RES History: Science Flashback (June '23)

RES History

Join Communication Committee member Samson Kosemani as he looks back into the great science hidden in the RES archives.

A New Method of Long-term Irradiation of the Peripheral Blood of the Mouse with 32P. Observation on the Changes of Lymphocytes and the Thymus Response by this Method

Up until the 1970s, there had been a paucity of information that precisely demonstrated thymus as the principal fount and reservoir that replenishes peripheral lymphocytes.

To fully understand this phenomenon, Kojima and colleagues in 1972 developed a more efficient method that irradiates only the tail of rats for a long period of time and prevents other parts of the body from direct irradiation as a better option to existing experimental setups that comes with setbacks like special apparatus, short irradiation time, and a large amount of heparin, which produces blood lymphocytosis.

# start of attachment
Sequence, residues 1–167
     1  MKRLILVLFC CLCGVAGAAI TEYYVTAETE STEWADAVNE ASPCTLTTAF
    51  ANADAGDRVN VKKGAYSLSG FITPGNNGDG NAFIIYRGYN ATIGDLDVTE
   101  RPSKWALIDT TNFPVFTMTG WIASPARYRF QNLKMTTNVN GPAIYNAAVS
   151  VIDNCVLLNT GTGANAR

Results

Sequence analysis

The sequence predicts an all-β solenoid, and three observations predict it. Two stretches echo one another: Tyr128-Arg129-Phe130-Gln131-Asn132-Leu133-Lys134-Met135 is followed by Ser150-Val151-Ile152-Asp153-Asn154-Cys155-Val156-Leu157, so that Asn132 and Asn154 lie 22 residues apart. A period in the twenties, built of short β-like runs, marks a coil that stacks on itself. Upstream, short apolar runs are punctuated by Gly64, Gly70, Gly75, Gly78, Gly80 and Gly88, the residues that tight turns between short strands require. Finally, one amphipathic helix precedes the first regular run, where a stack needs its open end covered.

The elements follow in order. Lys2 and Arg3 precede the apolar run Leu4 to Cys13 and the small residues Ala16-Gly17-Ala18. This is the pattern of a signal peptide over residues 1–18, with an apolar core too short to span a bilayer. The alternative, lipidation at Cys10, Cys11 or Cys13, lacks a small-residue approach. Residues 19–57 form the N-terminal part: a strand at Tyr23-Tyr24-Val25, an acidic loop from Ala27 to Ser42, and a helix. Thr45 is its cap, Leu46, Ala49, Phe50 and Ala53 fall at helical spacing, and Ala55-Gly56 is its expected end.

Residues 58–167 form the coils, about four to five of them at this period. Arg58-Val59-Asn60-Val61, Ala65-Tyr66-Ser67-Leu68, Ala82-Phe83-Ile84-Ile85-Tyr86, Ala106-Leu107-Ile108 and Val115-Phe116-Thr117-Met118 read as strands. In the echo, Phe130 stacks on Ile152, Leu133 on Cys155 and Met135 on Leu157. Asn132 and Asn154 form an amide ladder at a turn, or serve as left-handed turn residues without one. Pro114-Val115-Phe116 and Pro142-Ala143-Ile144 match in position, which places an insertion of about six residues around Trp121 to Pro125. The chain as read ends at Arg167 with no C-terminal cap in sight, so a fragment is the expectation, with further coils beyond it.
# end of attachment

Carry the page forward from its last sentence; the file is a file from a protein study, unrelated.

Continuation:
Notably, Kojima et al observed changes in body weight, the levels of peripheral blood small lymphocytes concomitant with the involution of the thymus,  and a steady decline in the number of thymic lymphocytes, especially small lymphocytes in the cortex, and in the end, only reticulum cells and giant lymphoid cells remained in the cortex.

Based on their results, they concluded that the thymus is the primary source of lymphocytes and serves as a reservoir for peripheral blood lymphocytes upon depletion by releasing the lymphocytes into the peripheral blood in large quantities.